EX-Fusion Plans Space Junk Removing Fusion Laser

Space junk, consisting of discarded rocket parts and decommissioned satellites, is proliferating as more satellites are launched into orbit and space exploration intensifies. This growing problem poses a significant threat to both current and future space operations and needs urgent resolution. Various solutions have been proposed, including a “cowboy style” removal using a large harpoon, though most require operations to be conducted in space.

EX-Fusion Plans Space Junk Removing Fusion Laser

However, EX-Fusion, a Japanese startup, is exploring a more grounded approach. Originally developed for laser fusion power, the company’s laser technology is now being adapted for space debris management. Last year, EX-Fusion officially partnered with Australia’s EOS Space Systems, which specializes in space debris detection.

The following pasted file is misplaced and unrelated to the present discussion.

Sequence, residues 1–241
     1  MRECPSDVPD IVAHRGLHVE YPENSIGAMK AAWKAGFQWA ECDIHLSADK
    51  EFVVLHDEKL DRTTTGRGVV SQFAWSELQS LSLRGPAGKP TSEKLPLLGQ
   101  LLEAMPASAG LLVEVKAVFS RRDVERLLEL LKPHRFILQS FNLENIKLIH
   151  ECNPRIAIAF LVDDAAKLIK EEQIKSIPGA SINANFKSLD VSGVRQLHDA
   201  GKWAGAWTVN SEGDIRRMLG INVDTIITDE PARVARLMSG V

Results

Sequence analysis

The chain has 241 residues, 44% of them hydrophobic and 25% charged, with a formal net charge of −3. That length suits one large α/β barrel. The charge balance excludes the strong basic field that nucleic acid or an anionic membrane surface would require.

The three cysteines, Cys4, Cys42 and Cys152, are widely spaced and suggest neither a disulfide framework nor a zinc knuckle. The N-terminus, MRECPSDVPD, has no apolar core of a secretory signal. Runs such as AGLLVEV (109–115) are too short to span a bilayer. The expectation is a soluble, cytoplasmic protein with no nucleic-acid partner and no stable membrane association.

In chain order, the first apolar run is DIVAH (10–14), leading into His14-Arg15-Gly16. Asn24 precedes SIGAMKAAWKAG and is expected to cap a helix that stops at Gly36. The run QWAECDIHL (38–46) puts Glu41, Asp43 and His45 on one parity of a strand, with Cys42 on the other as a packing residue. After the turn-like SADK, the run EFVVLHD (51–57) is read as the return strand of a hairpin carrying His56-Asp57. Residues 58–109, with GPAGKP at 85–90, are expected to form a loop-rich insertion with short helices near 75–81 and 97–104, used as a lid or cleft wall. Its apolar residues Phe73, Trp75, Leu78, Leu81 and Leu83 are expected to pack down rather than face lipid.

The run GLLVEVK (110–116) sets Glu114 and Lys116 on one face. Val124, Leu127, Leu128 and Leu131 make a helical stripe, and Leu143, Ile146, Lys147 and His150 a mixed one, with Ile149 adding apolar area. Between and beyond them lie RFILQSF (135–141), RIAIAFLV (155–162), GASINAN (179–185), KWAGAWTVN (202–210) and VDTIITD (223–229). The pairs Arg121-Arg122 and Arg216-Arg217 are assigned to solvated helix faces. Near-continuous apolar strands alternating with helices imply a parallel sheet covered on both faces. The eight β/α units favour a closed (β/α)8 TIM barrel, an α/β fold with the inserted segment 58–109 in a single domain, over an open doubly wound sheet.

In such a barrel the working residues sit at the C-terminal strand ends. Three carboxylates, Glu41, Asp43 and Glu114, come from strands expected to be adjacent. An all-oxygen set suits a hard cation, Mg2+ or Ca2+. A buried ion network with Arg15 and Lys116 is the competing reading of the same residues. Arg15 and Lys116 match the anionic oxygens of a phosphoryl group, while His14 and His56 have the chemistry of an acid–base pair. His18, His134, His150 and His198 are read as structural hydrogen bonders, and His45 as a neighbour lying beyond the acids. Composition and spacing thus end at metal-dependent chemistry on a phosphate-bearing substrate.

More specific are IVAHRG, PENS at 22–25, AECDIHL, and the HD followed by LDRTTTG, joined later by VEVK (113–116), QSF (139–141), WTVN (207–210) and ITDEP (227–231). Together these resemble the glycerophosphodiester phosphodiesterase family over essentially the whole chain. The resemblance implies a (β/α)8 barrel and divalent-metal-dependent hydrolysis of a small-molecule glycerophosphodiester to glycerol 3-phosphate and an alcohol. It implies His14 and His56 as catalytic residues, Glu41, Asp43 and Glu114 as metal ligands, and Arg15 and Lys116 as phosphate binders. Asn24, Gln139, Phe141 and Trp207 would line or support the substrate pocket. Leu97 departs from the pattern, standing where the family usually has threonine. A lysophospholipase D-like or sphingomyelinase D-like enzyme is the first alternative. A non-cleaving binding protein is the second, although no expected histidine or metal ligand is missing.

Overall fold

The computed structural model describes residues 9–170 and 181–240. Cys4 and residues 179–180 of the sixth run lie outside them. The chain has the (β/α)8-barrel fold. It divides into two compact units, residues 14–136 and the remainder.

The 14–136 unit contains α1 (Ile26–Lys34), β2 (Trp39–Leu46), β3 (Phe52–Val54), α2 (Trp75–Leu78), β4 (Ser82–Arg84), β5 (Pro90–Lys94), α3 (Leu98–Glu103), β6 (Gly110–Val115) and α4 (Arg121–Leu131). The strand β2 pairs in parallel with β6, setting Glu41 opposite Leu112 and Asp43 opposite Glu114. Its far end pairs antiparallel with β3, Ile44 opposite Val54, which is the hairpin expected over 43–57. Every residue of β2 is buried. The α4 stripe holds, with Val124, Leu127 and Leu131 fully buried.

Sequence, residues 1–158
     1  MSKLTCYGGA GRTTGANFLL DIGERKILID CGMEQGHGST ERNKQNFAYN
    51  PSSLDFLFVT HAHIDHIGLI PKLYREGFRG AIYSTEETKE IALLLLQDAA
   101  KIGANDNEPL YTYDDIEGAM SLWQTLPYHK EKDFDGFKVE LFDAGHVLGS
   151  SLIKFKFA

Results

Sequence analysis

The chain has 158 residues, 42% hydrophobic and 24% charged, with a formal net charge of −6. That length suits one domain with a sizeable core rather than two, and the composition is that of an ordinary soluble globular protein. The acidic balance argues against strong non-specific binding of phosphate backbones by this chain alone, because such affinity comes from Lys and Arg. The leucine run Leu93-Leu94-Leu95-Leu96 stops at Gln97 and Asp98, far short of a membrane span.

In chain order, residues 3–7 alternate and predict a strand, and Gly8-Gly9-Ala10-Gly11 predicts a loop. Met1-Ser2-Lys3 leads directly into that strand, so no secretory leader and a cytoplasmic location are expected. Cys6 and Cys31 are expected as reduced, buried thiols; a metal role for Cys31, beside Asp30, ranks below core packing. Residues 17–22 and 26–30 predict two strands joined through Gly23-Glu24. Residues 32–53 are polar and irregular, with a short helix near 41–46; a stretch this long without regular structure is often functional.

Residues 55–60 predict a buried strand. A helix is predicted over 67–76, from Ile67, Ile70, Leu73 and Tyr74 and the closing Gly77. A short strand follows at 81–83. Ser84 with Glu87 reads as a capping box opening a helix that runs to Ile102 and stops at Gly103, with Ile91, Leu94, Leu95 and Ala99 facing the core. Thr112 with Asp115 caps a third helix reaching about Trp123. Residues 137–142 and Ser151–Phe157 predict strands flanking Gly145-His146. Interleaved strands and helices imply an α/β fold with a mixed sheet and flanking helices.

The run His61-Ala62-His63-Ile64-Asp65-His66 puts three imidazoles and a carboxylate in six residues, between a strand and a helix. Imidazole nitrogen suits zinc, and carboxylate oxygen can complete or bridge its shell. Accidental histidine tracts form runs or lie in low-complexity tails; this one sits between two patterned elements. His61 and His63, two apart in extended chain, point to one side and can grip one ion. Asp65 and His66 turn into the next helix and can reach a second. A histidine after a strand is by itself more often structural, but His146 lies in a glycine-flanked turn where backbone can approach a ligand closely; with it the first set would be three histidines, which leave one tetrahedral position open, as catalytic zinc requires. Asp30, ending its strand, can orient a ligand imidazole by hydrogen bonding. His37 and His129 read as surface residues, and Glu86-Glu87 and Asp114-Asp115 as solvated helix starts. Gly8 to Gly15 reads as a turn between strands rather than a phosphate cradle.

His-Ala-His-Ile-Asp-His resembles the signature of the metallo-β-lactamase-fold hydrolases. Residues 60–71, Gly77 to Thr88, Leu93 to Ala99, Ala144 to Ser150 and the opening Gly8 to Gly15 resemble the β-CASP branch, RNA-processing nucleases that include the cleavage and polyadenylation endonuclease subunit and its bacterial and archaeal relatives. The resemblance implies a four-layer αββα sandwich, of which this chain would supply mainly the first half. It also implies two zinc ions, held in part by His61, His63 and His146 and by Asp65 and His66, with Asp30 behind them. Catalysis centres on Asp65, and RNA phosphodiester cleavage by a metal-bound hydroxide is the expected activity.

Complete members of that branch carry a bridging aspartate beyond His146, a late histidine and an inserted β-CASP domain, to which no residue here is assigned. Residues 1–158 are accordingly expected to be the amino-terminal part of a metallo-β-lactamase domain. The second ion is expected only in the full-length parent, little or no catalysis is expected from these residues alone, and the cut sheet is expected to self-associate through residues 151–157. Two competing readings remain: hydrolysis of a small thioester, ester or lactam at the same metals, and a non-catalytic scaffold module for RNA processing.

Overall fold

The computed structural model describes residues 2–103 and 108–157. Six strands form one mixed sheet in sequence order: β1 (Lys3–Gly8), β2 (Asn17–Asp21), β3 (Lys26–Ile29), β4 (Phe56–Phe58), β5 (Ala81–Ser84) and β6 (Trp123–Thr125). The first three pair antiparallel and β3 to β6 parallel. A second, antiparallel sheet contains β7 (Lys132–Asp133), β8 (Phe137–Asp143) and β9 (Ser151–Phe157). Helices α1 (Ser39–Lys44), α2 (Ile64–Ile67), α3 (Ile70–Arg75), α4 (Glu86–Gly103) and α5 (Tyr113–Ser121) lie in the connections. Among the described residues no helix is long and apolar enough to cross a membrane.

The plan is structured in two phases: The first phase involves setting up laser technology to track space junk measuring 10 cm or less. The second phase will focus on enhancing the power of laser beams fired from Earth’s surface. While the concept of shooting lasers into space may conjure images of a real-life Death Star, this technology is non-weapon grade and aims solely at debris removal.

The operating principle is straightforward: intermittently fire a laser at debris in the opposite direction of its travel to reduce its speed. By decreasing the orbital velocity, the debris will lose its orbit, re-enter the Earth’s atmosphere, and burn up, effectively letting the natural incinerator of the atmosphere do the work.

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To learn more about this innovative approach to tackling space debris, you can refer to a detailed report by Nikkei or visit EOS Space Systems’ page on space sustainability.

Images: EOS Space Systems.